(2) Effect on Finality. The motion does not affect the judgment's finality or suspend its operation.
(3) Leave to make the motion need not be obtained from an appellate court unless an appeal from the judgment is actually pending before that court.
This rule does not limit the power of a court to entertain an independent action to
party from a judgment, order, or proceeding, or to grant relief to a defendant not actually
personally notified as provided in Rule 4(e)(7), or to set aside a judgment for fraud upon the
(d) Other Powers to Grant Relief. This rule does not limit a court's power to:
(1) entertain an independent action to relieve a party from a judgment, order, or proceeding;
(2) grant relief under Rule 4(e)(7) to a defendant who was not personally notified of the action; or
(3) set aside a judgment for fraud on the court.
Writs of coram nobis, coram vobis, audita querela, and bills of review and bills in
of a bill of review, are abolished, and the procedure for obtaining any relief from a judgment
must be by motion as prescribed in these rules or by an independent action.
(e) Bills and Writs Abolished. The following are abolished: bills of review, bills in the nature of bills of review, and writs of coram nobis, coram vobis, and audita querela.
Rule 60 was amended, effective September 1, 1983; March 1, 1990; March 1, 1994; ________________.
Rule 60 is
nearly identical to Rule 60, FRCivP, except for minor changes to
conform to the
court system of North Dakota and addition of a provision to subdivision (b) regarding
obtaining leave from an appellate court to make a motion for relief derived from
(b) (c) was amended in 1983, effective September 1,
1983, to provide that a
motion for relief for reasons (i) (1), (ii) (2),
and (iii) (3) be made not more than one year after
"notice that" the judgment or order was entered except for default judgments the time starts
to run from date of entry.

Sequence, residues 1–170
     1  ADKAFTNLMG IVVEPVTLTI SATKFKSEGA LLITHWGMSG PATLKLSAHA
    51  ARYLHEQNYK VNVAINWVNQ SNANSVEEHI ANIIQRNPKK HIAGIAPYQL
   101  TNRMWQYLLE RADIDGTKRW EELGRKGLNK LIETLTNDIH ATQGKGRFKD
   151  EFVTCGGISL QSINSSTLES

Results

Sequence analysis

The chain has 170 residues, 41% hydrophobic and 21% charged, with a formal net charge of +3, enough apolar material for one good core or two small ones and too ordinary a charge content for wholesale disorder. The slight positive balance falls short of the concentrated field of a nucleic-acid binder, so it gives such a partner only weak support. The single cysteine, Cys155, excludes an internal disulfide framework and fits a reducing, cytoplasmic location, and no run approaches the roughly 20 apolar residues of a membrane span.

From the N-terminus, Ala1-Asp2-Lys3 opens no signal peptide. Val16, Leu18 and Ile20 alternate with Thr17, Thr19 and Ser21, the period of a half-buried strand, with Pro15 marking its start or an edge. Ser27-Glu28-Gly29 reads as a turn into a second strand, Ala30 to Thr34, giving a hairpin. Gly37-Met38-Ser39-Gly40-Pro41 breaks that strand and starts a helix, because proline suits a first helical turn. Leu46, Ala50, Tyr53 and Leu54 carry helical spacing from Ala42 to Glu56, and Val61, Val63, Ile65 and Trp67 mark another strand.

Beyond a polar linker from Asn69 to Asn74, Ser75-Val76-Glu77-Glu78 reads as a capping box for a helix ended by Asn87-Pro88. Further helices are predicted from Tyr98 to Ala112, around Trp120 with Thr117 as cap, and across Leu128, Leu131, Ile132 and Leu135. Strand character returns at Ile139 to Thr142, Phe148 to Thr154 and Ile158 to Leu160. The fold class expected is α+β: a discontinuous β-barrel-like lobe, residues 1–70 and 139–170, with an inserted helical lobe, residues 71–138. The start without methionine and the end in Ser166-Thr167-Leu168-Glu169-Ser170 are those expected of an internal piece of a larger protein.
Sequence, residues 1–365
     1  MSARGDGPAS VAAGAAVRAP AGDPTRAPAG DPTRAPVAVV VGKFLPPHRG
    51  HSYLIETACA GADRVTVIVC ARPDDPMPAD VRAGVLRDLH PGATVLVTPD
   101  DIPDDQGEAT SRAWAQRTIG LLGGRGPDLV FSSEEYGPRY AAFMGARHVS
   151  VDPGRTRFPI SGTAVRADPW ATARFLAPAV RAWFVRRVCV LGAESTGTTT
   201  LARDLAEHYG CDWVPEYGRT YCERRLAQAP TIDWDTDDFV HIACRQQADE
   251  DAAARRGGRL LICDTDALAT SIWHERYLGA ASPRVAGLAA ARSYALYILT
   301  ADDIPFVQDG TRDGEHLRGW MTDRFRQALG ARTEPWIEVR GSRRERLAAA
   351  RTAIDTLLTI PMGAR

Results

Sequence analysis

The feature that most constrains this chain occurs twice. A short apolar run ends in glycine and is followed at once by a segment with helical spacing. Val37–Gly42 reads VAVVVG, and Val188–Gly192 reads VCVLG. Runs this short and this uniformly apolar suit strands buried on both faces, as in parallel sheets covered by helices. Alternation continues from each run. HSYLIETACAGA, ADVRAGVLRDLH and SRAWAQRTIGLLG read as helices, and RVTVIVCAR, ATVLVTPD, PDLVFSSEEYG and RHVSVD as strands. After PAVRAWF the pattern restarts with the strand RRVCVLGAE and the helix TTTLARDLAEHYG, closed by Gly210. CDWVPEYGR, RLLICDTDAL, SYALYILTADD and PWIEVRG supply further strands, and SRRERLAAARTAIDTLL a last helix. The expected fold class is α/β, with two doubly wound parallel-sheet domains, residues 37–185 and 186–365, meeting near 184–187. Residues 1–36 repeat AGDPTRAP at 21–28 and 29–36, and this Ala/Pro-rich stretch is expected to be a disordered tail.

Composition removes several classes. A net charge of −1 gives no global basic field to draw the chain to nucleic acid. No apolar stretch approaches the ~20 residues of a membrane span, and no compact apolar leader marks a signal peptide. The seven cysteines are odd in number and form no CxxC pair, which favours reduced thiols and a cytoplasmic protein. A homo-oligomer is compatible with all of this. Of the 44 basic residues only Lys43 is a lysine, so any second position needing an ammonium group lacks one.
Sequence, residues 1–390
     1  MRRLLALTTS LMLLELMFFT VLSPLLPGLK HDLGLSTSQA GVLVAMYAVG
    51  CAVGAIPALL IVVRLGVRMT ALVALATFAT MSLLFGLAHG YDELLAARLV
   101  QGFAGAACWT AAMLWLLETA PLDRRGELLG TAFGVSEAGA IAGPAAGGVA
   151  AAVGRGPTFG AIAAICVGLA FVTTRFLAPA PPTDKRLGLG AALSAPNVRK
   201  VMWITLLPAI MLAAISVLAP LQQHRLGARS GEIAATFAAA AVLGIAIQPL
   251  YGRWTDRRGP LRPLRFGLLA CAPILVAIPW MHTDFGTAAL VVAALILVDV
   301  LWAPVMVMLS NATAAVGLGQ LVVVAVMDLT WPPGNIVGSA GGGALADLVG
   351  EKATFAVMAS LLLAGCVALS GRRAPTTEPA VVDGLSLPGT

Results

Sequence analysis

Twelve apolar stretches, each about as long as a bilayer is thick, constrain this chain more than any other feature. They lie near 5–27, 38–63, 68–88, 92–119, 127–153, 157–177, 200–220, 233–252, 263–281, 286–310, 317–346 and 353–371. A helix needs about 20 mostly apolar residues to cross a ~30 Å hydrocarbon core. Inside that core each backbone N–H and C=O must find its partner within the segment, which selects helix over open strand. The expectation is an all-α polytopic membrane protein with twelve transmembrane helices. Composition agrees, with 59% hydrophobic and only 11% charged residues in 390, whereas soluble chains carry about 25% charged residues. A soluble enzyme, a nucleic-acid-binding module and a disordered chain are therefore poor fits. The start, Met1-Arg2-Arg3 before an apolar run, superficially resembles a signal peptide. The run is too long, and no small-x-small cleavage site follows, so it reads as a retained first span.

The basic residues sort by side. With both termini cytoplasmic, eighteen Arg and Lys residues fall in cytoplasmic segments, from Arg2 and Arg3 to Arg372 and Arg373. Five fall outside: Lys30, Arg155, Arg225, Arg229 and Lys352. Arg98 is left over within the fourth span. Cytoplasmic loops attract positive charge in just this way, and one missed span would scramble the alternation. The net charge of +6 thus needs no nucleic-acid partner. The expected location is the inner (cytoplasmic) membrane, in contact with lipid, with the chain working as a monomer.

Subdivision (b) was amended, effective March 1, 1990. The amendment is technical in nature and no substantive change is intended.
Subdivision (a) was amended, effective March 1, 1994, by deleting the phrase "and after such notice, if any, as the court orders." The purpose of the amendment is to clarify that notice should be given. See Disciplinary Action Against Wilson, 461 N.W.2d 105 (N.D. 1990).
Rule 60 was amended and subdivisions (c), (d), and (e) were added, effective _______________, in response to the December 1, 2007, revision of the Federal Rules of Civil Procedure. The language and organization of the rule were changed to make the rule more easily understood and to make style and terminology consistent throughout the rules.
Sources: Supreme Court Conference Minutes of March 31, 1983; Joint Procedure
Committee Minutes of January 28-29, 2010, page 11; April 29-30, 1993, page 11;
28-29, 1993, pages 9-10; April 20, 1989, page 2;December 3, 1987, page 11; September
30-October 1, 1982, pages 6 and 11; November 29-30, 1979, pages 18-19;
Fed.R.Civ.P. 60 , FRCivP.
Superseded: Section 28-2901, NDRC 1943.
Rules N.D.R.Civ.P. 4 (Persons Subject to
N.D.R.Civ.P. 52 (Findings by the Court) ;, and
N.D.R.Civ.P. 59 (New Trials-Amendment
of Judgments) , N.D.R.Civ.P.; Rule N.D.R.Ct. 7.1
(Judgments, Orders and Decrees) ,